I watched the Martin Scorsese film Silence the other day and had a lot of thoughts. Here they are in rough form. If you haven't seen the movie yet, there are spoilers ahead.
This piece comes in the wake of the First Reformed movie review and is my attempt to think through some of the themes and questions raised by that film, as well as gather my own thoughts on the issue of Christianity and Creation care.
The following movie review is born out of a long email exchange I had with Jarrod, a friend I met through this blog. It was through the long emails that we sent back and fourth that I came to see just how profound a film this is. I have tried in this blog post, to put Jarod and I's conversations into narrative form, giving a reading of the film in its own terms. I find that even after having written this post, there is much left unprobed, many questions left unanswered, and there is much left to grapple with. I found myself while writing, to be speaking at several different levels at once. I will leave the reader to decide which level is most illuminating. Spoilers ahead, proceed at your own risk.
The Matrix trilogy is a exploration of many profound philosophical questions. What it means to be human, the relationship between faith and reason, what reality is, free will and determinism and many more. In this piece, I'll briefly be exploring some of the themes of the Matrix trilogy. Spoilers ahead, you have been warned. In … Continue reading The Matrix: The Unfreedom of Technology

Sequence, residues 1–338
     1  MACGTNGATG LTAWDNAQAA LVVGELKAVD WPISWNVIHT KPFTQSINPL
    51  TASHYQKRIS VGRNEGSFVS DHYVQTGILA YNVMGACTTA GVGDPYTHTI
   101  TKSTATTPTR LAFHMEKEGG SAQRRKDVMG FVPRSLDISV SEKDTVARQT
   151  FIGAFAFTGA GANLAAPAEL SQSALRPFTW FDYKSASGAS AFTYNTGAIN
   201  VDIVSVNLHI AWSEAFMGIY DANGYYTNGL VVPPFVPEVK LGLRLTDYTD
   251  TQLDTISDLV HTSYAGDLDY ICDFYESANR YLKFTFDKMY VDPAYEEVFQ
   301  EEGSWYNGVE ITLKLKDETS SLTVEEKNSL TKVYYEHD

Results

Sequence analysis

There is a line from Nietzsche that should give every thoughtful Christian pause: “Faith is not wanting to know what is true.” This is a more profound articulation of what has been heard from other quarters, that faith is a ‘crutch’ for the weak (this might be Nietzsche as well), wish fulfilment, or “believing what … Continue reading Faith and Uncertainty
One question I have been grappling with for a few months now is this: What is it about Jordan Peterson that subverts the approach of both the new atheists and the evangelical apologists? I have noticed that there is a pattern of thinking or, as I like to put it a “mode of being” that … Continue reading What the New Atheists and the Christian Apologists Miss about Jordan Peterson
“Christendom has done away with Christianity, without being quite aware of it,” Kierkegaard wrote in 1850, “the consequence is that if anything is to be done, one must again try to introduce Christianity into Christendom.” This notion of “introducing Christianity into Christendom” is near the heart of Kierkegaard’s project. It helps explain Kierkegaard’s curious method … Continue reading Postmodernism as God’s Judgement on Christendom
Esther O'Reilly and Adam Friended recently had a conversation on evolution and morality which sparked some conversation within my online circles. After reading Paul Vanderklay's response to the conversation, on his blog, I thought I would add my own thoughts the conversation. I believe there are four stages of morality, the greater your conception of … Continue reading Fideistic Morality: Responding to Adam Friended and Esther O’Reilly
Disclaimer: I am no philosopher, I am just a layperson trying to figure stuff out, so the definitions of words I'm using here, might not be the most precise. I don't get Jordan Peterson's frustration with the Postmodernists, he has very much been influenced by Postmodernism. Peterson is no Modernist, and in some respects he's … Continue reading Jordan Peterson the Postmodernist
Prelude “Away from Speculation! Back to Christianity!” Kierkegaard writes. This short statement encapsulates one of the central themes of Kierkegaard’s thought: (the parts I’ve read anyhow) that Christianity is to be approached subjectively, not objectively. The objective approach, is, to Kierkegaard, the dispassionate pursuit of WHAT is true. The individuals personal feelings and passions are … Continue reading Kierkegaard critiques the Objective Approach